'Real Jurassic Park' – Scientists 'CLOSER' To Bringing Dinosaurs Back

SCIENTISTS have announced a major breakthrough in the bid to bring dinosaurs back to life which could see Jurassic Park become a reality.

BY NERTI U. QATJA@VOP_TODAY – SOURCE: SEAN MARTINExpress

Experts say the discovery of the remains of a tyrannosaurus rex which was pregnant when it died coupled with advances in genome sequencing has put a blockbuster-style regeneration project within grasp.

In the 1993 smash-hit film billionaire businessman John Hammond – played by the late Richard Attenborough – brings the extinct beasts back to life by using blood found in a pre-historic mosquito, with disastrous consequences.

A T-rex

And now astonishingly scientists have said such a scenario is possible, given the extraordinary find of the well-preserved T-Rex mum

Because the monster was with child when it perished it still had the medullary bone intact, which grows in female dinosaurs during pregnancy and has a lot more DNA than a standard bone.

Lindsay Zanno, assistant research professor of biological sciences at North Carolina State University, said that it “is possible” that the dinosaur and its medullary bone contains the necessary DNA – which is the building blocks for life – to take scientists a step closer to reintroducing dinosaurs to the world.

A dinosaur skeleton

Experts modified the genes in a chicken embryo to develop the dinosaur-esque fibulas in their lower legs.

Modern-day birds are closely related to the ancient rulers of the world and present the likeliest first step in trying to bring the dinosaurs back to life.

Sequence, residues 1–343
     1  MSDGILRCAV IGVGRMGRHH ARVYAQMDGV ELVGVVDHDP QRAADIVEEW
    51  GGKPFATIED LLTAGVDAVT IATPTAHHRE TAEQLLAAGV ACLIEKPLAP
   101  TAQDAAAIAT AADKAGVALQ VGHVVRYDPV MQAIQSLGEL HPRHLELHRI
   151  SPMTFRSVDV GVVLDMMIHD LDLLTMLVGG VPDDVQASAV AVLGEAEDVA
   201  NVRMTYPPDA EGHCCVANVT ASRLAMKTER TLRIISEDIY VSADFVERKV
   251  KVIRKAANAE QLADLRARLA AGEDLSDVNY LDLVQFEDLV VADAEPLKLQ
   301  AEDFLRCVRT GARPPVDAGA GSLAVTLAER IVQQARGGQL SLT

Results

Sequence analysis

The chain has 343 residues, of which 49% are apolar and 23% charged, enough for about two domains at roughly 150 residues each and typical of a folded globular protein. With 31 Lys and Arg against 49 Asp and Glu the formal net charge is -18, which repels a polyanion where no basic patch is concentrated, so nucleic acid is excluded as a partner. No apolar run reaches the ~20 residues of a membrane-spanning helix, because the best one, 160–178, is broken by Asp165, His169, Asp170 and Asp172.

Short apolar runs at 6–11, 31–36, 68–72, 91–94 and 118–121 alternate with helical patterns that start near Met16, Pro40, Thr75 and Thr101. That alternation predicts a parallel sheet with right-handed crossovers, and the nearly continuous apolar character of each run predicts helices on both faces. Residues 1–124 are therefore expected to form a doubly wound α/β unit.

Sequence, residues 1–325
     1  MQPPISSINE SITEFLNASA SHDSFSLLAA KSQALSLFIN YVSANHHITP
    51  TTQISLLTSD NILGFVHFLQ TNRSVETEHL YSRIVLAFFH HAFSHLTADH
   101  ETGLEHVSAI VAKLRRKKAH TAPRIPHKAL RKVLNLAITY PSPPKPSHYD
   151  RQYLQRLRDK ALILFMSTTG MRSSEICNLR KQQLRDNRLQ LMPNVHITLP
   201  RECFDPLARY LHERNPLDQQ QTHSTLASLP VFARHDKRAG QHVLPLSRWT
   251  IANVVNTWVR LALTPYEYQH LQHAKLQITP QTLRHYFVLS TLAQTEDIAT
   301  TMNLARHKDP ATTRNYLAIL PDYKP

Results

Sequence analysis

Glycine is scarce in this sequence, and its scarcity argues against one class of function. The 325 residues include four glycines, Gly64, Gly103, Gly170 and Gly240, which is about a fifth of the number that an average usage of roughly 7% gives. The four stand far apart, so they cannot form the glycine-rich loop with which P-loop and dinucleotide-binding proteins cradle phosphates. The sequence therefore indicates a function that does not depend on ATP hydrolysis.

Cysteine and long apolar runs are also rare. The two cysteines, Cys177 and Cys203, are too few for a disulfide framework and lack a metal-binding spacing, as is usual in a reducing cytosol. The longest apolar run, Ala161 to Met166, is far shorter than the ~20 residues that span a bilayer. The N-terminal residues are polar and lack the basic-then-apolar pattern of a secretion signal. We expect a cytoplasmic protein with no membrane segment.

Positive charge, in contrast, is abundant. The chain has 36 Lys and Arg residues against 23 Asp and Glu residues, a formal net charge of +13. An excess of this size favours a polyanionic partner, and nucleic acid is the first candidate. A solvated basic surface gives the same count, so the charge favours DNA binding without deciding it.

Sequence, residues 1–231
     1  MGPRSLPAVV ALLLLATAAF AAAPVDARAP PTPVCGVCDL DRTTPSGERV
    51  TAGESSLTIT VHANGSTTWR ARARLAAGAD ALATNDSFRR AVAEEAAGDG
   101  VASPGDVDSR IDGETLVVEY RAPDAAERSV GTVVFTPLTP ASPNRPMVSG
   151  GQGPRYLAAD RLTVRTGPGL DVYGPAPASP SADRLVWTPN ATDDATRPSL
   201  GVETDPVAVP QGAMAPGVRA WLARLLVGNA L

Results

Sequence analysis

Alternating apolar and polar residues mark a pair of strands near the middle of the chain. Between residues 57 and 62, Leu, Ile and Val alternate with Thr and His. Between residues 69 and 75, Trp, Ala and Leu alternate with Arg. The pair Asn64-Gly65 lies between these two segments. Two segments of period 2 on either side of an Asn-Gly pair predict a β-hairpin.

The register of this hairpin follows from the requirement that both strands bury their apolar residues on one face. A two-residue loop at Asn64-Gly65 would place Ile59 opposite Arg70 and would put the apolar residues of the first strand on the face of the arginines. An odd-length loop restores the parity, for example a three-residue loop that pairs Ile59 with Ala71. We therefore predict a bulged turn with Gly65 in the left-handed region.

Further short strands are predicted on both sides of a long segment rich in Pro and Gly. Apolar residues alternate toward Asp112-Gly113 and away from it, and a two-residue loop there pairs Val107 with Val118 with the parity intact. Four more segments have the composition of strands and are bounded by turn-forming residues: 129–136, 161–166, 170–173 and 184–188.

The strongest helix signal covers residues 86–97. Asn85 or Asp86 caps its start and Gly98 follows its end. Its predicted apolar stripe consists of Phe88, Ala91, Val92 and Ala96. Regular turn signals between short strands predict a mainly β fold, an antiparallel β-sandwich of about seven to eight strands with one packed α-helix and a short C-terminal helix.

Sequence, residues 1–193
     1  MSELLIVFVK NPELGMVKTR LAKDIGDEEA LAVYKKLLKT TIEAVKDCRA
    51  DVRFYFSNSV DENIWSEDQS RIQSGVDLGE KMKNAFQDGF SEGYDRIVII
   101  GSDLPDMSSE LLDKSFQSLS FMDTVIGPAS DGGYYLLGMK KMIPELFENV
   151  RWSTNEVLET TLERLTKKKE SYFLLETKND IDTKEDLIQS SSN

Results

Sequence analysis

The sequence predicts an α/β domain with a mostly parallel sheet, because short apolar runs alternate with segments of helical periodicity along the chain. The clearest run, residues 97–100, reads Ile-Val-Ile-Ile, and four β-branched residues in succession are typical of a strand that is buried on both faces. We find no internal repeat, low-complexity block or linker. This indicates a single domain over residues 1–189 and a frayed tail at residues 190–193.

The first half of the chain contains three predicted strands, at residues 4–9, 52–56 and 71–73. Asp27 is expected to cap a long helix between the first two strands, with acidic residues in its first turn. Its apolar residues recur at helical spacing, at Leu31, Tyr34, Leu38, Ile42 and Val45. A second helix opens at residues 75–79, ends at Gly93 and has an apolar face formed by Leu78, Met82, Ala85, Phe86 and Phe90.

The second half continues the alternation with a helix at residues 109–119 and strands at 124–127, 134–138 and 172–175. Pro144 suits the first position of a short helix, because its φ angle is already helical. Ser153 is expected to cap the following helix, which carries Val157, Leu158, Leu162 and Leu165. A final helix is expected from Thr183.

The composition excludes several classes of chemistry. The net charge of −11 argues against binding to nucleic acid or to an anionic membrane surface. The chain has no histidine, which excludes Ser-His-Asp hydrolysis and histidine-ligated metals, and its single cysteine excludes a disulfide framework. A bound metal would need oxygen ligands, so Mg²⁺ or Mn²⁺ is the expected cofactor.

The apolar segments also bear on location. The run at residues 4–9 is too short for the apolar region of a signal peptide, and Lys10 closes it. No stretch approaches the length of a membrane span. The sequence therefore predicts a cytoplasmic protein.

Avian dinosaurs such as the Archaeopteryx had tubular fibulas which reached all the way down to the ankle alongside the tibia – as opposed to chicken fibulas which only go about three quarters of the way down the tibia.

Chickens look very similar to dinosaurs when they are developing in the egg, so the researchers shut off a bone maturation gene called IHH or Indian Hedgehog which meant that the chicken developed long, tubular fibulas, like a dinosaur.

Some leading experts have said that we could have dinosaurs roaming the Earth by 2050.

Dr Madsen Pirie, director of think tank the Adam Smith Institute (ASI), explained how he thought dinosaurs could be brought back from extinction: “Dinosaurs will be recreated by back-breeding from flightless birds.

“Birds are modern-day dinosaurs, but they no longer look like dinosaurs.

“Deep within their DNA, however, will be information relating to the time when they did, and a combination of selective breeding and gene technology will be used to give them the characteristic features of dinosaurs – the jaws with teeth, the tail, the small forelimbs.

“Biologists will succeed in using that buried information to ring the desired characteristics to the fore.”

Pterodactyls

But Dr Alison Woollard, from Oxford University’s Department of Biochemistry, says that creating dinosaurs from birds could prove problematic.

She told the Telegraph: “We know that birds are the direct descendants of dinosaurs, as proven by an unbroken line of fossils which tracks the evolution of the lineage from creatures such as the velociraptor or T-Rex through to the birds flying around today.

“The most famous of these is the Archaeopteryx, a fossil which clearly shows the transition between feathered dinosaurs and modern birds.

“This evolution implies that buried deep within the DNA of today’s birds are switched-off genes that control dinosaur-like traits

Dinosaurs

“Could we ‘rewind’ evolution by switching these genes back on and using them to guide the development of that bird’s offspring, and its offspring’s offspring, backwards?”

However, she added that the difficulty lies in not knowing a dinosaur’s genome in its entirety, as dinosaur DNA has only been discovered in short fragments, meaning the scientists don’t know how to completely edit a bird’s DNA to match.

This means that scientists would have to combine together millions of short fragments in the precise order to make the correct DNA.

Dr Woollard added: “In theory we could use our knowledge of the genetic relationship of birds to dinosaurs to ‘design’ the genome of a dinosaur.”